Rochester’s Monroe Square: An Art Deco Treasure

Rochester’s Monroe Square: An Art Deco Treasure

In Touring Hawkeye: An Inside Look at Kodak’s Most Enigmatic Landmark, George Cassidy Payne took us inside Kodak’s Hawkeye Manufacturing Plant, considered to be one of the finest examples of “Factory Art Deco” in the world.

Today, George looks at another example of classic Art Deco architecture, Monroe Square.

Rochester’s Monroe Square: An Art Deco Treasure

First appearing in France after WWI, Art Deco flourished in the 1920-30s. Art historians have described it as “an eclectic style that combines traditional craft motifs with Machine Age imagery and materials.”

Rochester has several notable Art Deco buildings. One is Monroe Square. This 103 foot medical office building is located on Monroe Avenue just 200 yards from I-490. Made of concrete, it is an angular, streamlined, low-rise, rigid framed building that has many features of a classic Art Deco structure.

Photography and text by George Cassidy Payne

“The Art Deco style manifested across the spectrum of the visual arts: from architecture, painting, and sculpture to the graphic and decorative arts. While Art Deco practitioners were often paying homage to modernist influences such as Cubism, De Stijl, and Futurism, the references were indirect; it was as though they were taking the end results of a few decades of distilling compositions to the most basic forms and inventing a new style that could be visually pleasing but not intellectually threatening.” –

“With the advent of large-scale manufacturing, artists and designers wished to enhance the appearance of mass-produced functional objects – everything from clocks and ashtrays to cars and buildings. Art Deco’s pursuit of beauty in all aspects of life was directly reflective of the relative newness and mass usage of machine-age technology rather than traditional crafting methods to produce many objects. The Bauhaus school was also interested in industrial production, but in a sense The Bauhaus is the polar opposite as it refrained from artistic embellishments – preferring clean and simple geometric forms.” –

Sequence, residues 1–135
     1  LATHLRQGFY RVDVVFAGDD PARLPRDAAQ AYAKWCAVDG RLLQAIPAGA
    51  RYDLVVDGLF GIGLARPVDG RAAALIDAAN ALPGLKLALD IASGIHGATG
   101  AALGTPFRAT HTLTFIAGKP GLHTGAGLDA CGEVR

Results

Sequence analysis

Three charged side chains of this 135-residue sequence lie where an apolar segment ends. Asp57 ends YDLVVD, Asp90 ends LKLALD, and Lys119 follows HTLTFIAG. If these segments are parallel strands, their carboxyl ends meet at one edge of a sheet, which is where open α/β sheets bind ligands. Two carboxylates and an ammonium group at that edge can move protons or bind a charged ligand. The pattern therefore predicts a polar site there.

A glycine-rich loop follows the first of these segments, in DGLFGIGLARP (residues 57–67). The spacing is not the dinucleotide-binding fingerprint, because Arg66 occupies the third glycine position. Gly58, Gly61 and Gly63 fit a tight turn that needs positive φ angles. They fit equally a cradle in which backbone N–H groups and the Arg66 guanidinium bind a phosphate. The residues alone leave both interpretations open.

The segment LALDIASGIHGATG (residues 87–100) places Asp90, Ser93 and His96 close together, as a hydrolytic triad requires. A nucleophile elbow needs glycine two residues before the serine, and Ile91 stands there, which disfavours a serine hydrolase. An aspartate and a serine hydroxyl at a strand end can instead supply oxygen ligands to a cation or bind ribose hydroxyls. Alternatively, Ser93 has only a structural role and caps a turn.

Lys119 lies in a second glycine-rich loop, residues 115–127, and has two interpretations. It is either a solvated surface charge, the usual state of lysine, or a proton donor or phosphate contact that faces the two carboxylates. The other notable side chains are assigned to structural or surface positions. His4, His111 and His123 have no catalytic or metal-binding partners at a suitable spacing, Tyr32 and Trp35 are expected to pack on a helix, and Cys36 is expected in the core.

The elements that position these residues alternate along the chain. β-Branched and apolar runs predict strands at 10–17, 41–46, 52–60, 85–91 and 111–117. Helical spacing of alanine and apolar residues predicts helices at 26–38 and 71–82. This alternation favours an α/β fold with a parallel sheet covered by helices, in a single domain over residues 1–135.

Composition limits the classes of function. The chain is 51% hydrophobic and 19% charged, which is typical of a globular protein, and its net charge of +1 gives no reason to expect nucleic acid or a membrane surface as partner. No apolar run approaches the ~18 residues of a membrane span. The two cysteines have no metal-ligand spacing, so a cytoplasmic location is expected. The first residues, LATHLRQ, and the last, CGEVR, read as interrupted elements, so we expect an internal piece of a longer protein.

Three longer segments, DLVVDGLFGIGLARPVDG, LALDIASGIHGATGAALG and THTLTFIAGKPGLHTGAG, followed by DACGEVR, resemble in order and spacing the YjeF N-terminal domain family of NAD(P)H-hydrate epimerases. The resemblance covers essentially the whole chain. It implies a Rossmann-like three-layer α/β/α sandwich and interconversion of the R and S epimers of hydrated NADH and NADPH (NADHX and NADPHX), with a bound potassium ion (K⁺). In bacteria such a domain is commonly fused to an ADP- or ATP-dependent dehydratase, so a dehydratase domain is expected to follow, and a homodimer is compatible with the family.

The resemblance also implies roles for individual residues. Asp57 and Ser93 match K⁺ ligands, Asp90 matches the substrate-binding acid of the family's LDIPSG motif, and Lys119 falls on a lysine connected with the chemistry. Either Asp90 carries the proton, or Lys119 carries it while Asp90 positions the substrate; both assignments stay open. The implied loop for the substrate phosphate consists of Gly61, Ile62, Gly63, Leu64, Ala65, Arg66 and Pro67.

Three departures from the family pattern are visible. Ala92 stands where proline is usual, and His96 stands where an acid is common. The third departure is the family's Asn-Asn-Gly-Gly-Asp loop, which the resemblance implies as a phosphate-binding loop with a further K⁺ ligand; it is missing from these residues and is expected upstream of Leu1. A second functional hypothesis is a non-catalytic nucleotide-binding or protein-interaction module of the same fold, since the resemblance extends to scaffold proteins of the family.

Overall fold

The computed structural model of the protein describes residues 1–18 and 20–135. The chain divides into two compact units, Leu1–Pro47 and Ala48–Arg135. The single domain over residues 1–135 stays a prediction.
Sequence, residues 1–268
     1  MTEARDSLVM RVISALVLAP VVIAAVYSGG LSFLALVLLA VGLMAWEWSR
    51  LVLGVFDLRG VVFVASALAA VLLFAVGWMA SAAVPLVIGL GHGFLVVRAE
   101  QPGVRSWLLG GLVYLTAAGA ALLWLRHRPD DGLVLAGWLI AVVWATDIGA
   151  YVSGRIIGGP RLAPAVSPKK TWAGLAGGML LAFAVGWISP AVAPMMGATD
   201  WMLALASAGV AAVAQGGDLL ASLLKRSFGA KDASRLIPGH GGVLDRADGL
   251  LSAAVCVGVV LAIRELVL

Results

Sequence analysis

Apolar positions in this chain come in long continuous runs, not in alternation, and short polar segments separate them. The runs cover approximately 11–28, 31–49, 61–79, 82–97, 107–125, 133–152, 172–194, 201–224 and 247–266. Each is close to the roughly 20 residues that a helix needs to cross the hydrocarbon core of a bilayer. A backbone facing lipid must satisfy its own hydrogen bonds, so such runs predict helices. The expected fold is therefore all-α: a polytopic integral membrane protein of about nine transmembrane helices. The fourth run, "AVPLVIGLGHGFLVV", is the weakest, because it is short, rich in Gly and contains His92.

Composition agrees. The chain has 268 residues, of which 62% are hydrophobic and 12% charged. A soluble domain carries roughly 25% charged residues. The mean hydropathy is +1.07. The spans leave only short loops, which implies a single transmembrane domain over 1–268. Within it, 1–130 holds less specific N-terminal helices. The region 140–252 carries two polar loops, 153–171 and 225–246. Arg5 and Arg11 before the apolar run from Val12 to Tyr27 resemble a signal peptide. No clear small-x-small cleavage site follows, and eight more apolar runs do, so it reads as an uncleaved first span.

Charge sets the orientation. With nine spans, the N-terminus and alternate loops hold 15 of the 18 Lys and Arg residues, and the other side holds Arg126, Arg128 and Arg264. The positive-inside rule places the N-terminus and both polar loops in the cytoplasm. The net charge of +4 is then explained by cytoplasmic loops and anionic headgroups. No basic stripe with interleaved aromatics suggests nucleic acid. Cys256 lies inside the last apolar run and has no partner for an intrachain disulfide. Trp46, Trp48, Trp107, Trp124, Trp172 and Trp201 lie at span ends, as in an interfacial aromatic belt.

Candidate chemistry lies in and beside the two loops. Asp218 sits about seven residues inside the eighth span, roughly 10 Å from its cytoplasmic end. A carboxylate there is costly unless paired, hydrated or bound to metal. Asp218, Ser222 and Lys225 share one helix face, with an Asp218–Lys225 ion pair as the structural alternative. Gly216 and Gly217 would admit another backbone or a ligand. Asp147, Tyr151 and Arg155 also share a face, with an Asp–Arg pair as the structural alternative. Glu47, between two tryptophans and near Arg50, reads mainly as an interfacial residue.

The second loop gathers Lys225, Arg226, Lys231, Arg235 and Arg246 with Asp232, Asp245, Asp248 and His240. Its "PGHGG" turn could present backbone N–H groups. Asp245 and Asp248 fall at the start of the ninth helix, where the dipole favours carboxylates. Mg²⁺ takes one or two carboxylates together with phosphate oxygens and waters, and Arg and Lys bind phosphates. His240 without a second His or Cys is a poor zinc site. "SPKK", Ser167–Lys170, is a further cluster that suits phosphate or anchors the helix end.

Inside the building there is an impressive collection of fine art.

The building has 3 elevators.

Long time residents of Rochester will know this building as the former site of Sears Roebuck and Co. (Photo taken from Pinterest @

About The Author

Welcome to Talker of the Town! My name is David Kramer. I have a Ph.D in English and teach at Keuka College. I am a former and still active Fellow at the Nazareth College Center for Public History and a Storyteller in Residence at the SmallMatters Institute. Over the years, I have taught at Monroe Community College, the Rochester Institute of Technology and St. John Fisher College. I have published numerous Guest Essays, Letters, Book Reviews and Opinion pieces in The New York Times, Rochester Democrat and Chronicle, the Buffalo News, the Rochester Patriot, the Providence Journal, the Providence Business News, the Brown Alumni Magazine, the New London Day, the Boston Herald, the Messenger Post Newspapers, the Wedge, the Empty Closet, the CITY, Lake Affect Magazine and Brighton Connections. My poetry appears in The Criterion: An International Journal in English and Rundenalia and my academic writing in War, Literature and the Arts and Twentieth Century Literary Criticism. Starting in February 2013, I wrote for three Democratic and Chronicle  blogs, "Make City Schools Better," "Unite Rochester," and the "Editorial Board." When my tenure at the D & C  ended, I wanted to continue conversations first begun there. And start new ones.  So we created this new space, Talker of the Town, where all are invited to join. I don’t like to say these posts are “mine.” Very few of them are the sole product of my sometimes overheated imagination. Instead, I call them partnerships and collaborations. Or as they say in education, “peer group work.” Talker of the Town might better be Talkers of the Town. The blog won’t thrive without your leads, text, pictures, ideas, facebook shares, tweets, comments and criticisms.


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